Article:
Interestingly, some students and faculty in the audience advocated for ‘second chances’ and redemption if a student had a inappropriate picture posted since Facebook privacy settings are initially confusing and a student could be misguided initially. But, let’s face it… screening applications for admission to medical school or residency is hard and takes time.  People are looking for ANY red flag to set downgrade your application compared to others.  Don’t give them a reason.  Medicine is not unlike any other industry in which candidates are interviewed to see if they can get the job done and also represent that organization appropriately.  If a video is posted that showcases a student in a tasteless parody with your school logo or name in the background, a hospital or residency is not going to want to take that risk with you.

What can medical schools do to protect themselves?

Well, for starters, schools can have a social media policy that highlight that do’s and don’ts in this area.  Unfortunately, in a recent study by @kind4kids and @MotherinMedicine, most schools do not so we have room for improvement.   The second thing is that schools can also deliver education, not only on the negatives – or how NOT to use social media, but they can also encourage and role model proper use of social media through disseminating course materials, student press, recruitment and admissions, or communicating with their students.  A recent post on a new student blog actually has a Poll this week asking students if they would want to receive information via social media and the majority say yes.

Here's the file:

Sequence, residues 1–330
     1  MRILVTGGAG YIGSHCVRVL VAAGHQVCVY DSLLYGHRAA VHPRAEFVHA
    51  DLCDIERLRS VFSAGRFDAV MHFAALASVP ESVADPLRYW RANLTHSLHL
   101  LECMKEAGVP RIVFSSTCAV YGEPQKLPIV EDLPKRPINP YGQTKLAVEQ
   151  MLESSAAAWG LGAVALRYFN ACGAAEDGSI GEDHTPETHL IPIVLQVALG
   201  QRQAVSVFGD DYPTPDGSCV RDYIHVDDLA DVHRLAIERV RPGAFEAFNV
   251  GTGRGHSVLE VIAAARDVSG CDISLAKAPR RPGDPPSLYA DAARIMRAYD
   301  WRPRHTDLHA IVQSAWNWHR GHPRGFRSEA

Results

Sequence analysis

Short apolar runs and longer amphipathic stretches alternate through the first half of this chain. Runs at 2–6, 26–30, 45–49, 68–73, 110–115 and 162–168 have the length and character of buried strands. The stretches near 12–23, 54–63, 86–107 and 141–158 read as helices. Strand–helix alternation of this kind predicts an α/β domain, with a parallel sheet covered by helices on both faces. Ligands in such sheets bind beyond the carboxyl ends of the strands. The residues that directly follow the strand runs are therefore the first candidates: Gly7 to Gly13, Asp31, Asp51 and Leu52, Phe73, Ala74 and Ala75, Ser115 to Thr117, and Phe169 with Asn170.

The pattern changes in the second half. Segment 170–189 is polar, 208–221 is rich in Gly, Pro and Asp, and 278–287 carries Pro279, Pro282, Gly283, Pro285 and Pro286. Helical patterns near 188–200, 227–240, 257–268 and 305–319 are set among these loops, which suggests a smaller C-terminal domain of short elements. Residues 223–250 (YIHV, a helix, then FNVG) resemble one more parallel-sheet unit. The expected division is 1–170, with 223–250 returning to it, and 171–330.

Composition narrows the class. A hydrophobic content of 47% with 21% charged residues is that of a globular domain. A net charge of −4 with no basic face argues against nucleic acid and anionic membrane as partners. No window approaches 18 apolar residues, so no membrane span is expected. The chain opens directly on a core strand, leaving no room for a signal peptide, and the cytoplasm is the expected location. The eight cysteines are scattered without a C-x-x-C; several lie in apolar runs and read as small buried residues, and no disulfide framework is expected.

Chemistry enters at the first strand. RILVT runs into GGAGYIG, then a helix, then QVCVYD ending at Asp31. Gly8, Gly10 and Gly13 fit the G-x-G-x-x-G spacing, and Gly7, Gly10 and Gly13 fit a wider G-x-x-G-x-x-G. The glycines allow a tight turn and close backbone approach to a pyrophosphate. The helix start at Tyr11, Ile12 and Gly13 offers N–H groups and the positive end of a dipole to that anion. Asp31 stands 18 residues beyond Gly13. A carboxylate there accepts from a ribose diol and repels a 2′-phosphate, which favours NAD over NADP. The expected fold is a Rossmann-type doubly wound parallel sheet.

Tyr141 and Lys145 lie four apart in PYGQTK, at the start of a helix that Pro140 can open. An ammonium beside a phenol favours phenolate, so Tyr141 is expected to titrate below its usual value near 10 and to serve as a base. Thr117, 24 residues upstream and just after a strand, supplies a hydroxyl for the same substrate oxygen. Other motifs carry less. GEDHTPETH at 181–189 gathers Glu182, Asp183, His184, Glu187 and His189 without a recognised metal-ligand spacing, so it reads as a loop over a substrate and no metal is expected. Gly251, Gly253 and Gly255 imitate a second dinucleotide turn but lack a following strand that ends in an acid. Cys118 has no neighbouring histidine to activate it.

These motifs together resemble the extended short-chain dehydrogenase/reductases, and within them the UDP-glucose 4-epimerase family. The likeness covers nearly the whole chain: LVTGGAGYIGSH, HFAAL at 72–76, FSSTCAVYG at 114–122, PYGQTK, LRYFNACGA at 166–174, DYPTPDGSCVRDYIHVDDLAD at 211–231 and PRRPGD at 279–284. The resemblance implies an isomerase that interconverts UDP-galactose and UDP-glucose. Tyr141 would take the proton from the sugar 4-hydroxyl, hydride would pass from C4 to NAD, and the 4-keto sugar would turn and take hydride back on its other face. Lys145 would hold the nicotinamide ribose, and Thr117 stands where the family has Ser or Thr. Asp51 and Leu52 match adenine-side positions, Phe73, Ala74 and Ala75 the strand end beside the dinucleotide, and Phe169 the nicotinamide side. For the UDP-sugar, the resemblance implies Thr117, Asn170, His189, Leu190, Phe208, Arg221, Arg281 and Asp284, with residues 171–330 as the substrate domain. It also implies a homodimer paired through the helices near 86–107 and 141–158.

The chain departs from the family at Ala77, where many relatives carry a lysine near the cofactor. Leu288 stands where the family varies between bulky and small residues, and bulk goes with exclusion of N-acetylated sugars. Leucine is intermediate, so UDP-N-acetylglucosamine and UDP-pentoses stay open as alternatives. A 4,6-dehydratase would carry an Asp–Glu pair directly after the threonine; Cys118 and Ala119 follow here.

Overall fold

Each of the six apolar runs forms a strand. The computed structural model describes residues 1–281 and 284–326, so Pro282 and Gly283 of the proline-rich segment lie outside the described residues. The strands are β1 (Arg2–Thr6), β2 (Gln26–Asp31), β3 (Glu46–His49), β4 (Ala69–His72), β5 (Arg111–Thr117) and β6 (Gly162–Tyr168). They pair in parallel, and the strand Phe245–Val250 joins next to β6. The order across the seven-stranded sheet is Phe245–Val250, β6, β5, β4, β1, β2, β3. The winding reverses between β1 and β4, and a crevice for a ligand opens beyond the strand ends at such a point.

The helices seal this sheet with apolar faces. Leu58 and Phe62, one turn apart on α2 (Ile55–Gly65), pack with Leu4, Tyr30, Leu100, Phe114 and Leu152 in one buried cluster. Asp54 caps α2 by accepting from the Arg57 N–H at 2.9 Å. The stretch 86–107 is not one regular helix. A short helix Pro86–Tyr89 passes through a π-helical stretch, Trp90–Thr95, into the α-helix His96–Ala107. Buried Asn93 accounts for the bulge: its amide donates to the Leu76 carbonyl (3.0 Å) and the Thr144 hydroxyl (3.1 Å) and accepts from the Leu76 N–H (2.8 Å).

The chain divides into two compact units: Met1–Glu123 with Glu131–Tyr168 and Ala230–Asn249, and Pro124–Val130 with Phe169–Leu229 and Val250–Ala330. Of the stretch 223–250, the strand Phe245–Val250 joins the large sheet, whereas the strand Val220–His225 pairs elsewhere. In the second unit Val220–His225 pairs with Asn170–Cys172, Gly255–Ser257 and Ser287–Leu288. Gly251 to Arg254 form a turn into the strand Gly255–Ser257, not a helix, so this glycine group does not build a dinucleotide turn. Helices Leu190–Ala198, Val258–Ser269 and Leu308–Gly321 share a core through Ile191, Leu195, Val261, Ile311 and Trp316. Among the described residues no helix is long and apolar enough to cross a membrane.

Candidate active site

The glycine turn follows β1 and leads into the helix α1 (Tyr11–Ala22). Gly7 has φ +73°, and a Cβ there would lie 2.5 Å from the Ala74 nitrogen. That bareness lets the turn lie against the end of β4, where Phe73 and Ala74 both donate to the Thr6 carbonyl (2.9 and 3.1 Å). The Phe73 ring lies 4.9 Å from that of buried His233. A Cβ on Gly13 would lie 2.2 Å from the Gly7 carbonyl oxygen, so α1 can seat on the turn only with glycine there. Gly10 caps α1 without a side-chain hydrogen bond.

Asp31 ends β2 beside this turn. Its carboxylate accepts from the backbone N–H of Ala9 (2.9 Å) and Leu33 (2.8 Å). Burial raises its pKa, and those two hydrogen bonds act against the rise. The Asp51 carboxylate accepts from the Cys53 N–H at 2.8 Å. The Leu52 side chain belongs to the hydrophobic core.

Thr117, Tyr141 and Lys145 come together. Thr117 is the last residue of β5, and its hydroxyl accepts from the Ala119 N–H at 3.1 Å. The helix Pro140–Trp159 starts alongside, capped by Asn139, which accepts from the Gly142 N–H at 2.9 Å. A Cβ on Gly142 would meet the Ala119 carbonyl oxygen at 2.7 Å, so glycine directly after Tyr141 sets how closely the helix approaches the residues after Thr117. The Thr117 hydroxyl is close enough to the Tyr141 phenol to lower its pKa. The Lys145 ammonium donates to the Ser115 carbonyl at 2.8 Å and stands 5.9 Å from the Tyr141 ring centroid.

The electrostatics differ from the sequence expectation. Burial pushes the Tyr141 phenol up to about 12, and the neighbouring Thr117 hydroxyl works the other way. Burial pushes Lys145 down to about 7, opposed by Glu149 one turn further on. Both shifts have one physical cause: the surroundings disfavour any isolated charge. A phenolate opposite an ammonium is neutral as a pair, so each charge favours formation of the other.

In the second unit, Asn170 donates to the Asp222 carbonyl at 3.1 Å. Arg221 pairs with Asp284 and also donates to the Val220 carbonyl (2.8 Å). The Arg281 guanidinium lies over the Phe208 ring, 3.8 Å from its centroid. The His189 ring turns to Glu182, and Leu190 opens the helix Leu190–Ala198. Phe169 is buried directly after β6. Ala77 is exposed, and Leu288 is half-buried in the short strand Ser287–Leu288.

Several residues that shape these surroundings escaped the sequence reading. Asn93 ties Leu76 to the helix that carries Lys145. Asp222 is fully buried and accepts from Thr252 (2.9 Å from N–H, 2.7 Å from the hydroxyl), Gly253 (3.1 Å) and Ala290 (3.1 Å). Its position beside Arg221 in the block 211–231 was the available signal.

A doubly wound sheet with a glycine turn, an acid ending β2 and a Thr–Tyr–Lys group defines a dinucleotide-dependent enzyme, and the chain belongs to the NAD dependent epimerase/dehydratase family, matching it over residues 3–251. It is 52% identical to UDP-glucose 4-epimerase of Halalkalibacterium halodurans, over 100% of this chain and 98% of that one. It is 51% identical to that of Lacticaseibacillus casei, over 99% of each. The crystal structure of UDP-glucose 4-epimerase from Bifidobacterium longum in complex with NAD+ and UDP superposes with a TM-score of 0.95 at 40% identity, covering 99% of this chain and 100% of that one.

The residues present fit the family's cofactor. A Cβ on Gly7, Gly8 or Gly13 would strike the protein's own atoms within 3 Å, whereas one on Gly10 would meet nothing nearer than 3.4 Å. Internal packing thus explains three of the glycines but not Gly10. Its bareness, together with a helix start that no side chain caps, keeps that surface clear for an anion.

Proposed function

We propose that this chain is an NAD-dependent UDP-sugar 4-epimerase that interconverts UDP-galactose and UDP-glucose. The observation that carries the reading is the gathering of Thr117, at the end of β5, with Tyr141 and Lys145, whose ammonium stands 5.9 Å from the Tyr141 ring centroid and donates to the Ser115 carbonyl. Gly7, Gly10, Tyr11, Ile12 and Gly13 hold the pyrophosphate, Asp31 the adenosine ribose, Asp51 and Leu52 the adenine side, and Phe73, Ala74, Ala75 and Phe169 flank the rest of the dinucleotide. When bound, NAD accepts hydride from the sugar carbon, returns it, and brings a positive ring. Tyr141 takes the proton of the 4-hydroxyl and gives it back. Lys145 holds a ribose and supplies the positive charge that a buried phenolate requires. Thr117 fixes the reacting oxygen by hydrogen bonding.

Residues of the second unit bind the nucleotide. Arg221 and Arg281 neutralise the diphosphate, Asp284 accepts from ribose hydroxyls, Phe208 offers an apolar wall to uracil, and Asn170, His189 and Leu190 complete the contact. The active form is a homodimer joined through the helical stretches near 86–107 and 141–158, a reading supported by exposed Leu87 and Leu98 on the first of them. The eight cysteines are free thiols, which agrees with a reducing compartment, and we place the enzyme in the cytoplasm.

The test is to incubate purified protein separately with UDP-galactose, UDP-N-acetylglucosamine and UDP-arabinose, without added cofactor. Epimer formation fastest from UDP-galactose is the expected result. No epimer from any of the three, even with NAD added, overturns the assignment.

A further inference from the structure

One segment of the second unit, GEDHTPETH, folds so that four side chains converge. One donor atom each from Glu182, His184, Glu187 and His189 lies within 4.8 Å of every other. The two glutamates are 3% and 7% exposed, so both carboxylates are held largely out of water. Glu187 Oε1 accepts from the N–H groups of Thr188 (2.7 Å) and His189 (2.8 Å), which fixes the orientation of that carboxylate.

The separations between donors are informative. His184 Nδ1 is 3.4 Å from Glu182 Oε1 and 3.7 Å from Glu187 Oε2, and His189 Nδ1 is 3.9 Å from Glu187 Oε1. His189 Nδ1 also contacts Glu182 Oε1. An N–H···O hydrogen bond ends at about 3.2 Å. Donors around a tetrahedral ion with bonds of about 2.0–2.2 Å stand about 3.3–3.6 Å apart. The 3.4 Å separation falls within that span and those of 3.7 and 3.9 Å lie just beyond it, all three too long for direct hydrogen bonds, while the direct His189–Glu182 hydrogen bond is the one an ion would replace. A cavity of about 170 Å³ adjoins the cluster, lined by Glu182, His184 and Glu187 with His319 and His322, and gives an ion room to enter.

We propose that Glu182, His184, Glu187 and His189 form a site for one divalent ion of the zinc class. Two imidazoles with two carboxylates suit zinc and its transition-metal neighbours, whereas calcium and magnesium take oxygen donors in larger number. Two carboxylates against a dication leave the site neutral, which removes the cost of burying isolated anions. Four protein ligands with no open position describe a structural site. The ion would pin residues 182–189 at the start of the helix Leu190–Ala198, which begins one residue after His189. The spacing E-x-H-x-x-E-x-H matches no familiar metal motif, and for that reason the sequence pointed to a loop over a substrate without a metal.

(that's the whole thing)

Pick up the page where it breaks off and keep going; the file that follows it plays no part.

What can students do to ensure that their digital image is safe?

This question actually came from a student that has the same problem as me – a person with another name who happens to be garnering attention for the wrong reasons – in my case, it’s someone with my same name who is an ophthalmologist and has been accused of blinding patients and has many negative patient testimonials.  So, what can I do – well I initially started on LinkedIn to try to distinguish myself from this person and I also took control of my own digital footprint using a Google Profile to highlight who I am and the links on the web that I want people to see.  (You’ll notice my Facebook profile is NOT on my Google Profile).

The same old adage about Vegas applies here- whatever happens on social media stays on social media.  Therefore, just like the national dialogue on health information technology, its important for medical educators and trainees to engage in a constructive dialogue and establish policies that both set standards and teach others how to meaningfully use social media.

–Vineet Arora, MD